The advisory also says that patients should be instructed to contact their healthcare provider immediately if they notice any yellowing of their eyes or skin, or if they have other problems like blurred vision. Healthcare providers should monitor patients who are taking telithromycin for signs or symptoms of liver problems, and discontinue the drug if these occur.
|Boston Scientific Recalls Flextome Cutting Balloons|
In December 2005, Boston Scientific recalled the company's Flextome Cutting Balloon Monorail Delivery System, which is an angioplasty balloon with microsurgical blades attached to its sides.
These devices are being recalled because the catheter shaft that is used to place the balloon in the artery may fracture when the device is being withdrawn from the patient. If that happens, the procedure may be prolonged or the patient may require additional surgery to remove the piece that has broken off. The company says that they have received reports of eight patients who were affected by this problem. Three of them needed additional surgery.
The recall does not affect patients who have already received treatment with this device because the potential problem occurs during the procedure.
Boston Scientific says that these devices should not be used and should be returned to the company. To arrange for return of the recalled product, contact Boston Scientific at 1-800-811-3211.
- FDA MedWatch Safety Alert 2006 - Boston Scientific Flextome Cutting Balloon Systems. January 31, 2006.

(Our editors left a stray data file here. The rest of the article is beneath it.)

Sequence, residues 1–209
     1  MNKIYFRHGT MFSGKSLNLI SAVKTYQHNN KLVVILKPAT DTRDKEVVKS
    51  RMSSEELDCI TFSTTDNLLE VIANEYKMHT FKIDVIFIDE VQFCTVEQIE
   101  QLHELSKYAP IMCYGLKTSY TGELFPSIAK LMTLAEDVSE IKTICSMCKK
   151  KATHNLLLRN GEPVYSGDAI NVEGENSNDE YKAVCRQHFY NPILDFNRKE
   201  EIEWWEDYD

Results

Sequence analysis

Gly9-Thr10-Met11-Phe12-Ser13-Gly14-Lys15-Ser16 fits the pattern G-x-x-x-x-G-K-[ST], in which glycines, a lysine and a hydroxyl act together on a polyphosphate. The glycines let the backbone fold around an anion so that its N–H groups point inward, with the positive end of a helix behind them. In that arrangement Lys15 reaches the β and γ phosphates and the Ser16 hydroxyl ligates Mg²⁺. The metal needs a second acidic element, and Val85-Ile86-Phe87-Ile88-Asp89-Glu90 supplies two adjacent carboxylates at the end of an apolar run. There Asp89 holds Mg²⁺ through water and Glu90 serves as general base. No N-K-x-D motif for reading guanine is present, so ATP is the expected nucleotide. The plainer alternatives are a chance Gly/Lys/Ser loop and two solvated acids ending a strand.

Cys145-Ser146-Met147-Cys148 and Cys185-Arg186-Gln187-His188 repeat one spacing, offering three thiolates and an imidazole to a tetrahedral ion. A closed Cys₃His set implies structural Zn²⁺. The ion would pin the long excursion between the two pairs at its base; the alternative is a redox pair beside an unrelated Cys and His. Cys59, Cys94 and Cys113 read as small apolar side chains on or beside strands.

|Advisory on Benzocaine Sprays and Methemoglobinemia|
FDA recently issued a Public Health Advisory to remind health care professionals that the overuse of benzocaine anesthetic sprays can cause methemoglobinemia, a potentially life-threatening condition that can result in cyanosis, confusion, hemodynamic instability and coma.
Benzocaine sprays, including those sold under the brand names Hurricaine, Topex and Cetacaine, are used to anesthetize the mucous membranes of the mouth and throat when preparing patients for minor surgery, endoscopic procedures and endotracheal intubation. Methemoglobinemia is a known side-effect when benzocaine sprays are used, but the risk can increase when practitioners use multiple sprays or sprays of longer duration than recommended.
FDA is reviewing the safety data for these products to determine if additional action is needed. FDA recommends the following actions to help minimize the risk:
• Use only the minimum amount of benzocaine spray to produce the required anesthetic effect.
• Carefully observe patients treated with benzocaine sprays for signs of methemoglobinemia. These include headache, lightheadedness, shortness of breath, anxiety, fatigue, pale, gray or blue colored skin, and tachycardia. Blood that's chocolate-brown in color is a late sign of life- threatening levels of methemoglobinemia.
• Promptly treat patients suspected of having high levels of methemoglobin. Supplemental oxygen alone is not effective. The only known treatment is intravenous administration of methylene blue.
• Do not rely on commonly available 2-wavelength pulse oximetry to detect hypoxia because it may be unreliable in cases of methemoglobinemia. Analyze blood samples with a co-oximeter instead.